How to have anal sex safely, as research shows it’s growing in popularity

How to have anal sex safely, as research shows it's growing in popularity

Women have more anal sex – here’s what you need to know about it (Image: Getty)

The rise in popularity of anal sex among heterosexual couples is causing health problems in particular for women, according to two doctors.

NHS surgeons Tabitha Gana and Lesley Hunt say women are suffering injuries and other health risks without being aware of these problems.

In an article for the British Medical Journal, they say the consequences of anal intercourse for women can include incontinence, sexually transmitted infections, and pain and bleeding.

Doctors wrote that this may be the result of women suffering bodily trauma while having anal sex.

Gana and Hunt stated that people are engaging in the practice without knowing the potential risks, as doctors are reluctant to discuss the issue.

They said that anal intercourse may affect women differently than men, as the former have a different body anatomy that may make them more prone to health outcomes.

“Increased rates of fecal incontinence and anal sphincter injuries have been reported in women who have anal sex,” the report says.

Woman's hand holding her ass because of hemorrhoids

The study argues that the popularity of anal can be attributed to shows like Sex and the City and Fleabag (Image: Getty Images/iStockphoto)

He continued: “Women are at greater risk of incontinence than men because of their different anatomy and the effects of hormones, pregnancy and childbirth on the pelvic floor.

“Women have less robust anal sphincters and lower anal canal pressures than men, and so the damage from anal penetration is more consequential.

“Pain and bleeding reported by women after anal sex are indicative of trauma, and the risks may be increased if anal sex is coerced.”

But, the authors wrote, doctors are more reluctant to talk to women about anal sex for fear of being judgmental or homophobic.

Data from the National Survey of Sexual Attitudes show that the number of young people (aged 16 to 24) who have heterosexual anal sex has more than doubled, from 12.5% ​​to 28.5% in last decades

Given the risks, whether you’ve already tried it or anal sex is something you’re thinking about exploring, it’s vital to know how to engage in it safely.

Rebecca Dakin, sex expert and author of 101 Sex Tips, says there are things you should keep in mind when having anal sex.

She says the holy grail is lube: “The key is relaxation through lots of foreplay, lots of lube and a sensitive lover who will take their time.”

Adult sex educator Chris Pinto adds: “The key to enjoying anal sex is relaxation and LOTS of lubrication. ‘Going dry’ will be unpleasant and painful for everyone involved.’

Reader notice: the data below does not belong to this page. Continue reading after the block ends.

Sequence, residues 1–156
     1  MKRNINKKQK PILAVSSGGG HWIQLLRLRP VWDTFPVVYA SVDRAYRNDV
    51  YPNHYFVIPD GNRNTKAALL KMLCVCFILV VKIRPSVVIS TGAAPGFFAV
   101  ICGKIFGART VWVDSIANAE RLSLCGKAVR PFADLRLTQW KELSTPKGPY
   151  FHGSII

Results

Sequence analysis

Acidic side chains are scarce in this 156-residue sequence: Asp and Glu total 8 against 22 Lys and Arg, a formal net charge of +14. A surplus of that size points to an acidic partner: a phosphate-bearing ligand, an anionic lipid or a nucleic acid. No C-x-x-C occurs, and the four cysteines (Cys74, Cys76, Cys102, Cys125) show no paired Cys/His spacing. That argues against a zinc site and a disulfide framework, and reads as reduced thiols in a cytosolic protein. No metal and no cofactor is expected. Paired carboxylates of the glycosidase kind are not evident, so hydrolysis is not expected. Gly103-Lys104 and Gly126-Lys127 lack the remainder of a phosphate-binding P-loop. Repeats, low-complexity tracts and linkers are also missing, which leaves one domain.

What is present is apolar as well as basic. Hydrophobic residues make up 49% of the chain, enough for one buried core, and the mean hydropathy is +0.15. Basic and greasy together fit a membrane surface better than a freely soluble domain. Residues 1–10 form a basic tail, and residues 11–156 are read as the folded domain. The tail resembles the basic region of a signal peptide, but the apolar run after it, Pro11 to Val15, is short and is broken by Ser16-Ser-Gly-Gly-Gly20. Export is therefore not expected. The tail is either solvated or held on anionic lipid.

She recommends getting in the mood with your fingers and tongue before any penetration, which not only feels good, but helps prepare your body for the act itself.

“There are also many other ways to prepare for anal sex,” continues Chris.

“Sharing a warm bath along with some candles can help release tension in the pelvic area. You can even take the opportunity to explore early while you bathe, with the water as a kind of lubricant.

How to have safe anal sex

You should use a condom to protect yourself from the spread of infections and diseases.

Other tips from WebMD include:

  • Cleanse well before having sex. An enema, or anal douche, can flush you out. Be sure to ask your doctor before giving yourself an enema to make sure you are doing it safely.
  • If you use your hands, make sure your nails are short and clean before having anal sex.
  • After having anal sex, change condoms before having oral or vaginal sex.
  • Use plenty of lubricant to reduce the risk of tissue tears. With latex condoms, always use a water-based lubricant.
  • Relax before you can reduce the risk of tears. A warm bath can help.
  • Stop if painful.
  • If you bleed afterward, or notice sores or lumps around or discharge from the anus, see your doctor as soon as possible.
  • If you are at high risk for HIV, your doctor may prescribe a daily medication called pre-exposure prophylaxis (PrEP) to reduce your chances of getting it. You still need to wear a condom to protect yourself from other STDs.
  • Get an HPV vaccine.
  • Be open and honest with your partner. Communication is key to a safe and enjoyable experience.
  • Afterwards, clean with water and mild soap to avoid infection. You can also apply a water-based cream to help with the pain.

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